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San Remo and the Divine Covenant

Jul 12, 2023

Mountains of the Galilee (

וַיֵּרָ֤א יְהֹוָה֙ אֶל־אַבְרָ֔ם וַיֹּ֕אמֶר לְזַ֨רְעֲךָ֔ אֶתֵּ֖ן אֶת־הָאָ֣רֶץ הַזֹּ֑את וַיִּ֤בֶן שָׁם֙ מִזְבֵּ֔חַ לַיהֹוָ֖ה הַנִּרְאֶ֥ה אֵלָֽיו׃

Hashem appeared to Avram and said, “I will assign this land to your offspring.” And he built a mizbayach there to Hashem who had appeared to him.

va-yay-RA a-do-NAI el av-RAM va-YO-mer l'-ZAR-a-KHA e-TAYN et ha-A-retz ha-ZOT va-YI-ven SHAM miz-BAY-akh la-do-NAI ha-nir-EH ay-LAV

Genesis 12:7

In the quiet calm of a spring day in April 1920, nestled between the Alpine peaks and azure blue waters of the Ligurian Sea, an event of monumental significance unfolded. The tranquil Italian town of San Remo was home to a conference that would impact the geopolitical landscape and forever alter the destiny of a people. But why, you may ask, was a conference held over a century ago in a small Italian town so vital? Why should we, generations removed and miles apart, find any significance in this moment?

In the aftermath of the devastation of the First World War, the victors convened at San Remo with the intention of determining the precise boundaries of the areas captured by the Allies. As a result, Britian was assigned as mandatory for Palestine and tasked with actualizing the Balfour Declaration, establishing a national home for the Jewish people in Palestine. More importantly, it formally recognized the historical connection of the Jewish people with Palestine, marking an unprecedented international acknowledgment of Jews as a nation linked inextricably to the land of Israel.

This acknowledgment, it is crucial to note, finds its roots in the pages of the Bible, reaching back to the earliest chapters of Genesis. In a remarkable display of faith, Abraham, the progenitor of the Jewish people, heeds the divine call to leave behind all that was familiar and journey to an unnamed land (Genesis 12:3). Abraham journeyed to Canaan, and upon his entry into the land God promised him: “I will assign this land to your offspring” (Genesis 12:7). This covenant, reiterated to his descendants Isaac and Jacob, promised that the Jewish people would always be connected to the land now known as Israel.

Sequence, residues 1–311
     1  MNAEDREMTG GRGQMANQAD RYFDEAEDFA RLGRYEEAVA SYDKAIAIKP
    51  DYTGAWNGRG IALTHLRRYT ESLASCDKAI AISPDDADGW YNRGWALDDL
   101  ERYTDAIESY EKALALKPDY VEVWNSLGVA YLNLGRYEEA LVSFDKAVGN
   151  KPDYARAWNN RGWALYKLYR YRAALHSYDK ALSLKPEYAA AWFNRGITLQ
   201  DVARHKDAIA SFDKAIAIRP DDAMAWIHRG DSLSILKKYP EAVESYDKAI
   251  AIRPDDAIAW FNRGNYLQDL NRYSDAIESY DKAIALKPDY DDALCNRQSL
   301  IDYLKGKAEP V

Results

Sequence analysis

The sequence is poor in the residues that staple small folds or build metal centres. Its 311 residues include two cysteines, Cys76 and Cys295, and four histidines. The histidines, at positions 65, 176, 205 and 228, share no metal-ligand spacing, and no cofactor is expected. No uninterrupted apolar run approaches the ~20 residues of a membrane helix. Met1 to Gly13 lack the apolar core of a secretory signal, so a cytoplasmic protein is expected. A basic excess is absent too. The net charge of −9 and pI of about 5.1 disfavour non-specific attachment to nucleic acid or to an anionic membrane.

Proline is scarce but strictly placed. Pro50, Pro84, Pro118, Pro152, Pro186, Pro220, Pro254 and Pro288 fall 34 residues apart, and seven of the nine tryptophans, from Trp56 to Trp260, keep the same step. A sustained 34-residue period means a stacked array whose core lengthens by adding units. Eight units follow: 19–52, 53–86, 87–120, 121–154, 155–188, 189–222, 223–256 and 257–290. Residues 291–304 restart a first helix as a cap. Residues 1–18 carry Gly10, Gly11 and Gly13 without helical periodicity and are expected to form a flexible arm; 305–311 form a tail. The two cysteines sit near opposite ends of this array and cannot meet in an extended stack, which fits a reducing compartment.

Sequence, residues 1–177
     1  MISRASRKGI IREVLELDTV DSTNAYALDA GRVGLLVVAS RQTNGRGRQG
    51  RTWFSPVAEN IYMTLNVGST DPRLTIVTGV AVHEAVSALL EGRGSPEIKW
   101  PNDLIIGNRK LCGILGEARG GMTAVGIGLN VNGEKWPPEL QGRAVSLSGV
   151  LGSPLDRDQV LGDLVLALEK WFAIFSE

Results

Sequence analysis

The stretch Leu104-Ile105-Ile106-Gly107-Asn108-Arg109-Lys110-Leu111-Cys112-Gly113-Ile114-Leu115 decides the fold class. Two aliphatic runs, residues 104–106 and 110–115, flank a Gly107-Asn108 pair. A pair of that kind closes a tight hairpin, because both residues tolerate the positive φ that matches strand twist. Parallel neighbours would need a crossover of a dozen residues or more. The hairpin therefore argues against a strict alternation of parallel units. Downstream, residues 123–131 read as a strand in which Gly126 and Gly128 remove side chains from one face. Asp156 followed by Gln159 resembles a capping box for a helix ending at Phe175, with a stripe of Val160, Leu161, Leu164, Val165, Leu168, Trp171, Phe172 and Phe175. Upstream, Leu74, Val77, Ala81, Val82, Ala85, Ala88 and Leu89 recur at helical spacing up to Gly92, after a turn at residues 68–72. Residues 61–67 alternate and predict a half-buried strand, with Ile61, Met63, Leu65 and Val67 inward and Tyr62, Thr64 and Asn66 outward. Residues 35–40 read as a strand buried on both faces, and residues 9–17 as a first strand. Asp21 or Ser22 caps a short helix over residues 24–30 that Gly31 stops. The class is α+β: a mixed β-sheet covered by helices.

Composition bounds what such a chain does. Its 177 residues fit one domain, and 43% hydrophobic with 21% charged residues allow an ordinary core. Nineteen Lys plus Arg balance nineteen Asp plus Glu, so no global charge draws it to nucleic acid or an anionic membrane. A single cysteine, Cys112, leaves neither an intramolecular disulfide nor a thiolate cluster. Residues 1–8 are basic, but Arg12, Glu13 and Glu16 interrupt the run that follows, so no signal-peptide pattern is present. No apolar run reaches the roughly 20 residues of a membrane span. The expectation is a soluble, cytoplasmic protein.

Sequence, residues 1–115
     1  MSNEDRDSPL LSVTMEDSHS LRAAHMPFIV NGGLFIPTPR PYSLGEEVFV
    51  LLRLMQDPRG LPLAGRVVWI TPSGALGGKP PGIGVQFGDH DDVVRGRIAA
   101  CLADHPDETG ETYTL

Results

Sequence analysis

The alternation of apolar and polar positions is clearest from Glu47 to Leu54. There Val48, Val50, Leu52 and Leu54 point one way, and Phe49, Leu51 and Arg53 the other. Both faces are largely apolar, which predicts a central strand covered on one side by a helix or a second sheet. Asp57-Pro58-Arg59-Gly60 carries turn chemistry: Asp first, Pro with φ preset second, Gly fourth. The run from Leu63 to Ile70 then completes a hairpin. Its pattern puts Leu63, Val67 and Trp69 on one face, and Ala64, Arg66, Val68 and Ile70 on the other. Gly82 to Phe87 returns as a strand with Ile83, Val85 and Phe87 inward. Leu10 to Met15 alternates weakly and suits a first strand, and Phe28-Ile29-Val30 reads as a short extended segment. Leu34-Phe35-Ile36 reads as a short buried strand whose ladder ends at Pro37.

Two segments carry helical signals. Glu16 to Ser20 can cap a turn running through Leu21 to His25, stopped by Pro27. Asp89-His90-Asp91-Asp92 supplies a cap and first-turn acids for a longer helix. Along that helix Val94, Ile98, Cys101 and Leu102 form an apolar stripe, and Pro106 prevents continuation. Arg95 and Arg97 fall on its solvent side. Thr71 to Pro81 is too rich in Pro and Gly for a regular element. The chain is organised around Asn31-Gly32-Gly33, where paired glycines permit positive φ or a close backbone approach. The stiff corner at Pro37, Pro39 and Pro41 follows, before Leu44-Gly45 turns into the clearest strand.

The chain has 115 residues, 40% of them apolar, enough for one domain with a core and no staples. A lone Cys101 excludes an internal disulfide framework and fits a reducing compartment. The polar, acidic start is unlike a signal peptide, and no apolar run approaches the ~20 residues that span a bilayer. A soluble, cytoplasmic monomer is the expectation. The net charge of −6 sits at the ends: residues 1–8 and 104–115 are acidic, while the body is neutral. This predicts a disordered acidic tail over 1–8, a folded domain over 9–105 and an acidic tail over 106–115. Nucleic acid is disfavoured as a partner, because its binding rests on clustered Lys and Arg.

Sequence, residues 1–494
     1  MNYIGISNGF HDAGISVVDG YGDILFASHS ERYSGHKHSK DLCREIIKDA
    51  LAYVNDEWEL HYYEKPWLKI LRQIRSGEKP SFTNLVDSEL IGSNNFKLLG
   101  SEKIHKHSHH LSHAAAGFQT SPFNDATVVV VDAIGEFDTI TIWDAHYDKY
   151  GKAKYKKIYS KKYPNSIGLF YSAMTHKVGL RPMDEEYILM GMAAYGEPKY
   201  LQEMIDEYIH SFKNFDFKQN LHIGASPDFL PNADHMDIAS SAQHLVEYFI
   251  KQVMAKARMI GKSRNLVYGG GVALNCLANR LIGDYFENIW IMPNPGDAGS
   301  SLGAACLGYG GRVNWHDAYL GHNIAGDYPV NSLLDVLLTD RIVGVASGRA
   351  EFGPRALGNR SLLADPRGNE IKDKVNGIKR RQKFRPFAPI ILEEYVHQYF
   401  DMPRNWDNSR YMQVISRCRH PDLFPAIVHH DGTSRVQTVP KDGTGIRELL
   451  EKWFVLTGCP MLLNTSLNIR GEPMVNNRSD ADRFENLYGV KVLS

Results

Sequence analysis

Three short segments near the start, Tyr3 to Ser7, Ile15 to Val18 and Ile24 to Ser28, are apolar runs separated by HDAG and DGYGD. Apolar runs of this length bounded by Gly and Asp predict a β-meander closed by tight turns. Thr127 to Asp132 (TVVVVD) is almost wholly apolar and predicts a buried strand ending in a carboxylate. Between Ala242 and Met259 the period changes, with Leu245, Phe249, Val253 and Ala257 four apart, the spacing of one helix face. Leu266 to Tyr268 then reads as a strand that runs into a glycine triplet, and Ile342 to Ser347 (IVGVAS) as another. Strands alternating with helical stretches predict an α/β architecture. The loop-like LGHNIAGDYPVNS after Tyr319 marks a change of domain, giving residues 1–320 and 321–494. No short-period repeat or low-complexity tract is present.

In Rabbi Yehuda Amital’s insightful words, “The Holy One made a covenant with him (Abraham) regarding Eretz Yisrael (land of Israel)…the whole Torah comes to teach us how Am Yisrael (the Jewish people) settled in Eretz Yisrael (land of Israel) and then returned to it following a prolonged exile.” Thus, the narrative of the Jewish people is one of a divine promise, exile, and a triumphant return to the promised land.

So, what made the San Remo conference so momentous? It recognized and honored this biblical narrative, affirming the Jewish connection to their ancestral homeland. In doing so, it offered a beacon of hope for Jews worldwide, promising a return to the land that God had covenanted to their forefathers.

In its essence, the San Remo conference of 1920 brought this ancient narrative into the realm of international law. It reaffirmed the right of the Jewish people to return to their ancestral homeland after 2,000 years of exile, reflecting the divine promise made to Abraham thousands of years ago. Through the lens of San Remo, we perceive the modern manifestation of the biblical promise.

In a world where the connection between the Jewish people and Israel is often questioned or outright denied, the San Remo conference serves as a powerful reminder of our biblical promise. Every step we take on this land is a testament to a promise made and a promise kept, echoing in the hallways of San Remo and reverberating through the annals of our sacred texts.

Related Names and Places:

Relate Bible Verses: Chapter 12

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